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Re: Rules WG -- draft charter

From: Peter F. Patel-Schneider <pfps@research.bell-labs.com>
Date: Mon, 10 Nov 2003 10:45:31 -0500 (EST)
Message-Id: <20031110.104531.97966982.pfps@research.bell-labs.com>
To: www-rdf-rules@w3.org

I have a number of comments on the draft rules WG charter, revision 1.26.

I worry about the tieing together of rules and justifications.
Justifications can be quite difficult to deal with, except under certain
circumstances, even if limited to rule systems.  In particular, checking
whether the application of a non-monotonic rule is justified can be
intractable or even undecidable.

I also worry about the condition that justifications are only to be used to
justify how rules were used to reach a conclusion.  Even in an RDFS plus
rules setting, there is more going on than just rule activity.  If this is
the case, how will the RDFS inferences be recorded?  The situation is much
more complex in an OWL plus rule setting.

The document appears to me to be internally inconsistent, particularly with
respect to jusifications.  In Section 1 it states that justifications are
to be used to ``allow the expression of of the knowledge of how certain
rules were used to reach conclusion''.  In Section 2.1 it states that the
working group is supposed to address ``a language for the exchange of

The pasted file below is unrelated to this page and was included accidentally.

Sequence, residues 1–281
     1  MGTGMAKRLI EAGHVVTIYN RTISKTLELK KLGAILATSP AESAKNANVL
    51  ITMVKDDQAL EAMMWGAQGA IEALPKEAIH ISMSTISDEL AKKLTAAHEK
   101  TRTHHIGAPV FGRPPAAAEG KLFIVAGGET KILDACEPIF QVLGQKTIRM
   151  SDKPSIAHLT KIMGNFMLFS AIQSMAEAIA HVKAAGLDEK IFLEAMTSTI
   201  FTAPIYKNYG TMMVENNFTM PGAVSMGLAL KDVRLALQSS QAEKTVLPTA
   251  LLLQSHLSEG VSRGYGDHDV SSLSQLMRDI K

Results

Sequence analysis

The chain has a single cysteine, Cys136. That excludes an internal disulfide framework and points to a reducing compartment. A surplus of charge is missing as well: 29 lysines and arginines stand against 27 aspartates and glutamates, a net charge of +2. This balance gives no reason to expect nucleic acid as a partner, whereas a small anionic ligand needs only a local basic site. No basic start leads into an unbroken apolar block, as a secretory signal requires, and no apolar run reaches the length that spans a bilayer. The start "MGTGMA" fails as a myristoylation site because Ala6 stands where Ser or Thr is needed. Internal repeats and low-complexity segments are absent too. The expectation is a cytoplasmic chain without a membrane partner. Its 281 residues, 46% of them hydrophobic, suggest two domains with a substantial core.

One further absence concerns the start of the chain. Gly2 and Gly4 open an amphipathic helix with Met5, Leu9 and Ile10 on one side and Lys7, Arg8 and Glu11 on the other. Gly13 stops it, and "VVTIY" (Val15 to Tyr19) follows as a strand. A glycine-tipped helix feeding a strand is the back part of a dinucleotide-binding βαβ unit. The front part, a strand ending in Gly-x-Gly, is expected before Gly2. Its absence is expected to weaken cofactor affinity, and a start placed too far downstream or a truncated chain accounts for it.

proofs'', which is a much more ambitious scope than recording rule traces.

The document appears to require that rules be equivalent to material
implications, which is not their treatment in many rule systems.  In
particular, in some rule formulations that allow disjunctive information
rules with false consequents are not equivalent to classical negation.

The document again brings up the desire to put everything in RDF, both
syntactically and semantically.  The Web Ontology Working Group spent a lot
of time wrestling with a similar mandate before ultimately settling on a
partial solution that only works because of several characteristics of OWL,
which would not be shared by a rules language.  I forsee that a similar
mandate for rules would end up causing a similar delay for the rules
working group.

It is not the case that proof checking is ``computationally much easier
than theorem proving''.  In decidable logics the length of a proof may
be similar to the number of computational steps required to proove a
particular result.  This may lead to a PSPACE deduction procedure but proof
checking requiring exponential space just to store the proof.

Peter F. Patel-Schneider
Bell Labs Research
Received on Monday, 10 November 2003 10:45:46 UTC

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